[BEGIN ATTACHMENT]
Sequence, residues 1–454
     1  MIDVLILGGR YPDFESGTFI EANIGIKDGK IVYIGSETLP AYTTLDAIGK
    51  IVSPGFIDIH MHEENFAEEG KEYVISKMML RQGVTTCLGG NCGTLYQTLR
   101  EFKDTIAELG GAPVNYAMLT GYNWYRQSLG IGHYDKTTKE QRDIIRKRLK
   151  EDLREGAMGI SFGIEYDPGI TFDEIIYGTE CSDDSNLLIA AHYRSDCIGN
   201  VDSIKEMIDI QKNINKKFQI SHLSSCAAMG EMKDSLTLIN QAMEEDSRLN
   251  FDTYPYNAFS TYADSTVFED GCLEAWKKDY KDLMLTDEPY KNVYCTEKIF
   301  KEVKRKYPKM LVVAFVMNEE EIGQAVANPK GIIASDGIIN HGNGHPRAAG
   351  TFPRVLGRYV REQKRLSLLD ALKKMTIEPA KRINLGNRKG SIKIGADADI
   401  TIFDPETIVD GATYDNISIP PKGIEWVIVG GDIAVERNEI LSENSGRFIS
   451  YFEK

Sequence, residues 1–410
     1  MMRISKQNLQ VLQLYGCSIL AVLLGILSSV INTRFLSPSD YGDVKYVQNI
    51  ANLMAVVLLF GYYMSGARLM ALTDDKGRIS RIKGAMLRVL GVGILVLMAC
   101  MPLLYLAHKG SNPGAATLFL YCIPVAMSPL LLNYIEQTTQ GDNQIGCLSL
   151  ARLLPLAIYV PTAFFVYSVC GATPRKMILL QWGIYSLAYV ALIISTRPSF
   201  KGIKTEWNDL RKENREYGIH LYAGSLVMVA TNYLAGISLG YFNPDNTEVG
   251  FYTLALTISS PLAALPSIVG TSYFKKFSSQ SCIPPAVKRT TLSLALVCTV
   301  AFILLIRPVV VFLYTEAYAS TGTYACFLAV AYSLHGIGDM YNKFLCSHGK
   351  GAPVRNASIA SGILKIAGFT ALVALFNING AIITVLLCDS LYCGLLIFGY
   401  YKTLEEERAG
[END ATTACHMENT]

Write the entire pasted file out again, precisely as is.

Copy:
Sequence, residues 1–454
     1  MIDVLILGGR YPDFESGTFI EANIGIKDGK IVYIGSETLP AYTTLDAIGK
    51  IVSPGFIDIH MHEENFAEEG KEYVISKMML RQGVTTCLGG NCGTLYQTLR
   101  EFKDTIAELG GAPVNYAMLT GYNWYRQSLG IGHYDKTTKE QRDIIRKRLK
   151  EDLREGAMGI SFGIEYDPGI TFDEIIYGTE CSDDSNLLIA AHYRSDCIGN
   201  VDSIKEMIDI QKNINKKFQI SHLSSCAAMG EMKDSLTLIN QAMEEDSRLN
   251  FDTYPYNAFS TYADSTVFED GCLEAWKKDY KDLMLTDEPY KNVYCTEKIF
   301  KEVKRKYPKM LVVAFVMNEE EIGQAVANPK GIIASDGIIN HGNGHPRAAG
   351  TFPRVLGRYV REQKRLSLLD ALKKMTIEPA KRINLGNRKG SIKIGADADI
   401  TIFDPETIVD GATYDNISIP PKGIEWVIVG GDIAVERNEI LSENSGRFIS
   451  YFEK

Sequence, residues 1–410
     1  MMRISKQNLQ VLQLYGCSIL AVLLGILSSV INTRFLSPSD YGDVKYVQNI
    51  ANLMAVVLLF GYYMSGARLM ALTDDKGRIS RIKGAMLRVL GVGILVLMAC
   101  MPLLYLAHKG SNPGAATLFL YCIPVAMSPL LLNYIEQTTQ GDNQIGCLSL
   151  ARLLPLAIYV PTAFFVYSVC GATPRKMILL QWGIYSLAYV ALIISTRPSF
   201  KGIKTEWNDL RKENREYGIH LYAGSLVMVA TNYLAGISLG YFNPDNTEVG
   251  FYTLALTISS PLAALPSIVG TSYFKKFSSQ SCIPPAVKRT TLSLALVCTV
   301  AFILLIRPVV VFLYTEAYAS TGTYACFLAV AYSLHGIGDM YNKFLCSHGK
   351  GAPVRNASIA SGILKIAGFT ALVALFNING AIITVLLCDS LYCGLLIFGY
   401  YKTLEEERAG